3.6 g of 3-[2-(trans-4-pentylcyclohexyl)ethynyl]-6-propylpyridazine were dissolved in 40 ml of methanol in a round flask, treated with 0.2 g of palladium/carbon (5%) and hydrogenated at room temperature while shaking (hydrogen uptake: 660 ml in about 4 hours). After completion of the reaction, the mixture was suction filtered, the filter residue was rinsed well with methanol and the filtrate was freed from solvent on a rotary evaporator. Bulb-tube distillation of the resulting crude product gave, at 175-180 C./0.05 Torr, 3.4 g of product in the form of yellowish crystals. These were recrystallized from 15 ml of acetone at -20 C., there being obtained 2.5 g of white crystals. From the mother liquor there was obtained, after concentration and recrystallization from 4 ml of acetone, a further 0.4 g of white crystals. Both crystallizates (2.9 g) were recrystallized from 12.5 ml of acetone at -20 C. The white crystals obtained (2.6 g) were finally dissolved in 50 ml of hexane, filtered, the filtrate was concentrated, the residue was recrystallized from 26 ml of hexane at -20 C. and dried at room temperature overnight in a high vacuum in a slight stream of nitrogen. Yield: 2.3 g (63.9%) of 3-[2-(trans-4-pentylcyclohexyl)ethyl]-6-propylpyridazine in the form of white crystals of melting point 64.2 C.

The following compounds were manufactured in an analogous manner:

3-[2-(Trans-4-butylcyclohexyl)ethyl]-6-propylpyridazine; m.p. 67.5 C.,

3-[2-(trans-4-pentylcyclohexyl)ethyl]-6-pentylpyridazine; m.p. 80.9 C.

EXAMPLE 8

(a) 116.1 g of laevulinic acid were dissolved in 400 ml of methanol and treated dropwise within 15 minutes with 51.0 g of hydrazine hydrate. An exothermic reaction took place and the temperature rose to 53 C. For the completion of the reaction, the mixture was stirred at 60 C. for a further 2 hours, then cooled to room temperature and freed from solvent on a rotary evaporator. The oily residue was evaporated to dryness once with 200 ml of toluene and once with 200 ml of isopropanol. After further drying up to constant weight in a vacuum drying oven at 50 C., there were obtained 109.9 g (98%) of 6-methyl-4,5-dihydro-3(2H)-pyridazinone as pale yellow coloured crystals of melting point 102-103 C.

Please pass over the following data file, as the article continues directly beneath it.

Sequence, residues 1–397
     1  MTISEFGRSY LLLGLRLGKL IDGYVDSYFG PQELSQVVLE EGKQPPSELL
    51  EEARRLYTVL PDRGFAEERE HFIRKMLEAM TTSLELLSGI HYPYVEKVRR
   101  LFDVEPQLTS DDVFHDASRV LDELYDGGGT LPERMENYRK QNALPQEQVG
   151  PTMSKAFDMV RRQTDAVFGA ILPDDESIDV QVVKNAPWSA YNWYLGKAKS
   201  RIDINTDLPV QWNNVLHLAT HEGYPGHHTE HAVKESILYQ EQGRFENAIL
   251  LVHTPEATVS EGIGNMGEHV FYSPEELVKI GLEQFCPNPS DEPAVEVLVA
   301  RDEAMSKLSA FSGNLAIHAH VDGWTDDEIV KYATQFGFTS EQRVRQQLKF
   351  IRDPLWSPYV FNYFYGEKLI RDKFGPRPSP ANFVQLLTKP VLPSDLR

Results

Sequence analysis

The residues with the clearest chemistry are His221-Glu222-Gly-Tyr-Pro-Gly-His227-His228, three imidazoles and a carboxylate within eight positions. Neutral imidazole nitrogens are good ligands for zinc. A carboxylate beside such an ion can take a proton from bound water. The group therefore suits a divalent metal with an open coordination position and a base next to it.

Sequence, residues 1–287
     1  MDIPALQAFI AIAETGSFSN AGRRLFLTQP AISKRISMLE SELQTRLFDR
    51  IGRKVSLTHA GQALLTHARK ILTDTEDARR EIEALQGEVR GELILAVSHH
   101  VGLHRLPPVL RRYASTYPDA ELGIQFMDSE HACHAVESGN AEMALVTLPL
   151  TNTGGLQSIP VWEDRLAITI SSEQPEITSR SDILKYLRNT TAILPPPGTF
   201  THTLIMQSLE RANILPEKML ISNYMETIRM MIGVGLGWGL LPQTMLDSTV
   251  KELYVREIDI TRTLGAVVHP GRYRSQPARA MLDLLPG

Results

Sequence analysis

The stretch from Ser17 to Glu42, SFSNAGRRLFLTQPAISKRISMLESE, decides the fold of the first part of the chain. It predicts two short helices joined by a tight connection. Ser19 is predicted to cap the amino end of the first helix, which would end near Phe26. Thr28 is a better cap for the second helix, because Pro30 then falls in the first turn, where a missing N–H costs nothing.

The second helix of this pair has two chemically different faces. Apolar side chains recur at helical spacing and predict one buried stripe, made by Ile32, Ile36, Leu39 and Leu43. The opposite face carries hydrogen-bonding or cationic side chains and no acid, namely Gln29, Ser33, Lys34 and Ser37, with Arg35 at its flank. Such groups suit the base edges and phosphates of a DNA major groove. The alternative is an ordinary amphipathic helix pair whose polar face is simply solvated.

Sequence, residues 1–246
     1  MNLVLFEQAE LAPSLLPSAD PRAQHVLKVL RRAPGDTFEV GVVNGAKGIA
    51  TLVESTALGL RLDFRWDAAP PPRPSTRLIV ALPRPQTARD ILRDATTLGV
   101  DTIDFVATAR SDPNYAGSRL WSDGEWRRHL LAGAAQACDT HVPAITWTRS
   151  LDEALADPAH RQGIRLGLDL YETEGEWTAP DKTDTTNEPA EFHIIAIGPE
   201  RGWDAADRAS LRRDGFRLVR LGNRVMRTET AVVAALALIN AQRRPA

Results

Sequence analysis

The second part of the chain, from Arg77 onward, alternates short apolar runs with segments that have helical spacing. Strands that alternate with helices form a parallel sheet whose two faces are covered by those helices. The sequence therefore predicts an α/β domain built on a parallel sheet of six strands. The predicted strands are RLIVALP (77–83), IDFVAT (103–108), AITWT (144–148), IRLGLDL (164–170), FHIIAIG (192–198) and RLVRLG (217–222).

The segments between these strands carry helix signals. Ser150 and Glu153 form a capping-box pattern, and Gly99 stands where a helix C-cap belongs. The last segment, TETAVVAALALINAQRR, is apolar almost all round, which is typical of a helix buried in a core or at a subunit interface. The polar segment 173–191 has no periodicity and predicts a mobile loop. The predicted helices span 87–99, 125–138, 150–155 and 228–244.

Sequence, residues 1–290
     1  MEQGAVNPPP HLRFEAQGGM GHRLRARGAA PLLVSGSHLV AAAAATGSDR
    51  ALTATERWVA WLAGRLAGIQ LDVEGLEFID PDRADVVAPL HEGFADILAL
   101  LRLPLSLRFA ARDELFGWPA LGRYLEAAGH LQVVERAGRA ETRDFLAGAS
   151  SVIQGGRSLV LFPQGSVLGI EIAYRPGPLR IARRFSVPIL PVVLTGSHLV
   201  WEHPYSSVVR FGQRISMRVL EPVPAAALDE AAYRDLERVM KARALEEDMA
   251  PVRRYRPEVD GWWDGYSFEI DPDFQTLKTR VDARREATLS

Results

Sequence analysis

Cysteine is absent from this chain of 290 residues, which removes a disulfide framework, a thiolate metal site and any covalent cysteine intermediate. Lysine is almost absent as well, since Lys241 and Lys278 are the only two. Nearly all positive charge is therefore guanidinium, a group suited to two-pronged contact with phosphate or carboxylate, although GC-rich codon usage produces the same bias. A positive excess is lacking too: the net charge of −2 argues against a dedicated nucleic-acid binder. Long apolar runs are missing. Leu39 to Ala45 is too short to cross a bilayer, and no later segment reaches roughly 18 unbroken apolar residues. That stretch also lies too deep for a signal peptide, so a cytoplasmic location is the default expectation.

(b) A solution of 112.1 g of 6-methyl-4,5-dihydro-3(2H)-pyridazinone in 300 ml of glacial acetic acid was warmed to 40 C. and then treated dropwise without additional warming within 1.5 hours with 199.8 g of bromine. An exothermic reaction took place and the temperature rose to 80 C. After the addition of somewhat more than half of the bromine, a white precipitate began to crystallize out. The mixture was stirred at 80 C. for a further 3 hours, then cooled to room temperature, diluted with 300 ml of ethyl acetate and suction filtered (rinsing with 250 ml of ethyl acetate). The yellow coloured crystals were suspended in 250 ml of water and the suspension was neutralized with 100 ml of 28% (wt./vol.) sodium hydroxide solution and solid sodium hydrogen carbonate, diluted with 50 ml of water and heated on a steam-bath until the crystals had dissolved completely. The product crystallized out again by slowly cooling to 0 C. The product was filtered off under suction, rinsed well with 200 ml of cold water and dissolved while heating in 300 ml of methanol. The solution was filtered and the filtrate was cooled slowly to -20 C. The product which crystallized out was filtered off under suction and washed with cold methanol. Concentration of the mother liquor and recrystallization of the residue from 100 ml of methanol at -20 C. gave further product. Both crystallizates were dried up to constant weight at 60 C. in a vacuum drying oven, there being obtained 87.7 g (79.6%) of 6-methyl-3(2H)-pyridazinone as white crystals of melting point 141-142 C.